Anti-lockdown protests have grabbed headlines, but polls indicate they represent a small section of the population. Liam Glen writes on why policymakers should not endanger public health by bowing to their demands.
In red and blue states alike, protesters are defying social distancing guidelines to demonstrate against government-imposed restrictions prompted by COVID-19 and demand that their states “reopen the economy.”
On the surface, this would indicate that there is widespread discontent against the lockdown. People around the country are being deprived of their livelihood, and they think it is a better bet to brave the virus than deal with economic restrictions.
In reality, these protesters represent a vocal minority of the population. And while some are primarily concerned by their own livelihoods, the political undertones are difficult to miss. Trump campaign memorabilia is abundant at the demonstrations, along with more fringe elements like the anti-vaccine movement.
Given that the goals of these protests fly in the face of public health experts’ warnings, it would be a dangerous mistake for state governments to cave in and prematurely end restrictions.
Loud but Small
While these protests have done a good job at making headlines, polls indicate that most Americans – including a plurality of Republicans – oppose them. In fact, a majority say that they would stay home as much as possible even if government restrictions were lifted.
Considering the unpopularity of their cause, the protests have carried out a very smart strategy. By coordinating efforts and showing up in state capitals across the country, they have attracted national media attention. While they are arguably smaller and less well-organized than previous movements like the Tea Party, they have still managed to shape public conversation around the issue.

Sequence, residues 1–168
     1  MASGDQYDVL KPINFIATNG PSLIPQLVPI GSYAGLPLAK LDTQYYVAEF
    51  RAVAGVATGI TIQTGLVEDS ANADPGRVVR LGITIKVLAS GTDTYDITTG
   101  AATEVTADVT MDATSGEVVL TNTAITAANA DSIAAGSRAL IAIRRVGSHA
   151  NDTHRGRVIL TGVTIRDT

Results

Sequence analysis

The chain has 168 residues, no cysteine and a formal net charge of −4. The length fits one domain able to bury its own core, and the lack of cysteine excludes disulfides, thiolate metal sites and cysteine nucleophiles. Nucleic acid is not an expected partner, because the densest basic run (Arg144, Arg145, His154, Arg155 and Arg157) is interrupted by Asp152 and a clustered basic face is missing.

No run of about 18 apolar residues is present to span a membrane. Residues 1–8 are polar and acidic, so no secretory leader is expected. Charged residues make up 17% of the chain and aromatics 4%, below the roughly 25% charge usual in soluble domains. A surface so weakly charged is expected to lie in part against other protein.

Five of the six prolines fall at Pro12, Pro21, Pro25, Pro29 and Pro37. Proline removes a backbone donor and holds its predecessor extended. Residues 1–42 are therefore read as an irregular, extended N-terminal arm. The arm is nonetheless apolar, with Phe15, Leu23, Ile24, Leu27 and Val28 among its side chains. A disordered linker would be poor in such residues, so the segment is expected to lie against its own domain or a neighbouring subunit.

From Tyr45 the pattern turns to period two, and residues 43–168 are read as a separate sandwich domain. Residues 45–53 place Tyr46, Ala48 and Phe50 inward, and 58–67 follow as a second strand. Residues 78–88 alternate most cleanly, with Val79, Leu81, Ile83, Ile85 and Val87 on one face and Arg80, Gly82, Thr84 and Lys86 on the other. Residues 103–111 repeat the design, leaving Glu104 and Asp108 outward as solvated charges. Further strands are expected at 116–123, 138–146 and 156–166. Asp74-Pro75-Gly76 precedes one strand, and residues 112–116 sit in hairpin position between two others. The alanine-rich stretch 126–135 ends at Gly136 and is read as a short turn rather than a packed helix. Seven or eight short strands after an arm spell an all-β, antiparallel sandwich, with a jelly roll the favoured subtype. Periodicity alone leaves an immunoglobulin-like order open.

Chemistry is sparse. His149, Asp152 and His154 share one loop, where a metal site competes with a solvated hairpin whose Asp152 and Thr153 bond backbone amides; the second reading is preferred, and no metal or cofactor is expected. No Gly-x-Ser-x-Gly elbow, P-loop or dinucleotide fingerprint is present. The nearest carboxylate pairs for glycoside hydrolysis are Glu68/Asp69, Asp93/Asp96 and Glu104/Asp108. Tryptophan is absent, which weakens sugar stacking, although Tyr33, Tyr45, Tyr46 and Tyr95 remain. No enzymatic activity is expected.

This is possible because these are hardly spontaneous, grassroots protests. They are organized and funded in part by major conservative groups like FreedomWorks and the Tea Party Patriots. Political operatives affiliated with President Trump’s reelection campaign have helped coordinate them, and the president himself has expressed support.
All of this has worked to make the demonstrations seem larger and more important than they actually are. Of course, many protest movements rely on external support and media tricks to help achieve the goal, but considering the consequences of ending social restrictions this early, the anti-lockdown movement is particularly worrisome.
Rejecting the Science of Disease
The anti-lockdown demonstrations have become a magnet for fringe beliefs, but the center may be a refusal to acknowledge how infectious disease work. Protesters believe they have a right to go about their daily lives, even if it increases their risk of catching COVID-19, and anyone with different priorities has a right to simply stay at home.
But diseases are not so simple. One careless person who goes into a situation where they can get infected could easily spread it to someone else who is trying their hardest to avoid it. The only responsible option is for everyone to stay home as much as possible.
Of course, this option is financially harmful. But there is reason to believe that the economic effect of reopening the country would hardly be better. The goal of the lockdown is to contain the virus as quickly as possible, so that normal economic activity can hopefully recommence without creating another giant spike in cases.
Easing restrictions prematurely would mean that the outbreak lasts longer and infects more people, which would not only result in more death but also prolong the amount of time that the virus is impacting the economy.
In fact, there is evidence that during the 1918 Spanish flu pandemic, US cities that implemented earlier and stricter regulations were better able to economically recover.
Public health experts are the best-equipped to make these decisions, and they are alarmed by moves from states like Georgia to start easing restrictions before they are ready, inspired in part by the ongoing protests.
It is unlikely to view such a thing as anything other than a mistake. If a large majority of the population truly desired to lift restrictions, then it would be unfortunate but understandable that politicians would acquiesce. But when both public health experts and most of the American public believe that the shutdown must continue, it is folly to go against them.